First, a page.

On July 4, 1976, the United States of America celebrated the 200-year, Bicentennial, anniversary of the adoption of the Declaration of Independence.
On July 4, 1966, Congress created the American Revolution Bicentennial Commission which was tasked with deciding a single city in which to host the celebration, either Philadelphia or Boston, and planning the festivities. After six and a half years of heated debate, they could not decide on a host city. The Commission was disbanded.
On December 11, 1973, Congress created the American Revolution Bicentennial Administration which was tasked with encouraging and coordinating locally sponsored events.
The Bicentennial came only one year after the American Army withdrew, defeated, from Vietnam and the Ford Administration stressed the themes of renewal, rebirth, and restoration of traditional values.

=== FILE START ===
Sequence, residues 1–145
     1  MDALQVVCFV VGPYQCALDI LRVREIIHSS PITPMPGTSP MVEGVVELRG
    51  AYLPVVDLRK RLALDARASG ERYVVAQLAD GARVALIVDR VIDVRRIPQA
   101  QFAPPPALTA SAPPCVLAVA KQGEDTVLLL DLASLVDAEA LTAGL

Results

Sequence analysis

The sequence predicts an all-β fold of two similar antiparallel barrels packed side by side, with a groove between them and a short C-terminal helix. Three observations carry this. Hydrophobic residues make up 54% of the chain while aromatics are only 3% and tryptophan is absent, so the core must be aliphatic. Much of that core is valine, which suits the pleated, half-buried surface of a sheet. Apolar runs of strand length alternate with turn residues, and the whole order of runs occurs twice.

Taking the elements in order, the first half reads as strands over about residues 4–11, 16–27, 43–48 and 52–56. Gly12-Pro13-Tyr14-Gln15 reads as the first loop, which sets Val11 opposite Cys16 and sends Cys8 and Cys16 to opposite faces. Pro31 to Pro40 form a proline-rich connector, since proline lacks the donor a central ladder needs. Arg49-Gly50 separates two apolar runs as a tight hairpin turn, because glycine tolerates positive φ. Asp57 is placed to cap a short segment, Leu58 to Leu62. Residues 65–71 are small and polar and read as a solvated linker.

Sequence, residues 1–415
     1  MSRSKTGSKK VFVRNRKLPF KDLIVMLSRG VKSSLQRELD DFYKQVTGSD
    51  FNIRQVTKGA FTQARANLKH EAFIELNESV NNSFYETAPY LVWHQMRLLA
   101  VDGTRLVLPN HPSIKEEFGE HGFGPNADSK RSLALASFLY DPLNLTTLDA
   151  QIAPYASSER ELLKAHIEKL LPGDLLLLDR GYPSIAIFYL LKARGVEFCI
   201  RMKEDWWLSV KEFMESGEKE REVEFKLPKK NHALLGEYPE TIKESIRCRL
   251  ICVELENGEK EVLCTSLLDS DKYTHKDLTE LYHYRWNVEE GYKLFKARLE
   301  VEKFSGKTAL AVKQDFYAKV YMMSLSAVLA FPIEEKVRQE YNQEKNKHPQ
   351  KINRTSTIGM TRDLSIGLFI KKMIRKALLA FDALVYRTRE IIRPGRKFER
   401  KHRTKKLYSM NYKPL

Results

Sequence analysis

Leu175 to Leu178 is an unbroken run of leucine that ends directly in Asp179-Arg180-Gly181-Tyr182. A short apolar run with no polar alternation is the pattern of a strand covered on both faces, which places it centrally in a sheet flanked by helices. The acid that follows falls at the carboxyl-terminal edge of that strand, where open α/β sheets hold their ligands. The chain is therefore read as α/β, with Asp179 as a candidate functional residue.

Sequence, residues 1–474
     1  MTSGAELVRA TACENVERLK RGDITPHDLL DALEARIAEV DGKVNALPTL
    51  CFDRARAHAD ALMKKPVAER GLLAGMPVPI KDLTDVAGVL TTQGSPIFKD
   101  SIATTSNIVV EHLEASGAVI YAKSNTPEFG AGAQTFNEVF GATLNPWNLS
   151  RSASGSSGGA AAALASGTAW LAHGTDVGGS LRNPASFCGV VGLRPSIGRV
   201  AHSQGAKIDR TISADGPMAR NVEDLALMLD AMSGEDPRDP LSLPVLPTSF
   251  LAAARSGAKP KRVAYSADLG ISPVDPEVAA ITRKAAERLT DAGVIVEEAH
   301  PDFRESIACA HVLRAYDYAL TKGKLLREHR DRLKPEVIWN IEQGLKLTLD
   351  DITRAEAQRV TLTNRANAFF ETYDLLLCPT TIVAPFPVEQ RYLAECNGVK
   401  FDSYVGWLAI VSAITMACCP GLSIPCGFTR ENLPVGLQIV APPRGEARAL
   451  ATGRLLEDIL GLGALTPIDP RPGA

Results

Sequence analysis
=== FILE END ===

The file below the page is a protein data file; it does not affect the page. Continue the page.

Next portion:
The Bicentennial events began April 1, 1975, with the launch of the American Freedom Train from Wilmington, Delaware on a 25,388-mile tour of the contiguous states. On January 19, 1976, George Washington was posthumously named General of the Armies of the United States, Public Law 19-479, which was to take effect July 4, 1976. Independence Day was marked with parades, including a nautical parade of tall-masted sailing ships in the Hudson River, museum exhibitions, and elaborate fireworks displays across the nation.
Britain’s Queen Elizabeth and Prince Philip made a symbolic visit to the United States and gave the gift of a replica Liberty Bell, cast in the same foundry as the original, with the inscription “For the People of the United States of America from the People of Britain 4 July 1976 LET FREEDOM RING.”
July 4, 1976, was a day of patriotic celebration that will be unparalleled until the Tricentennial.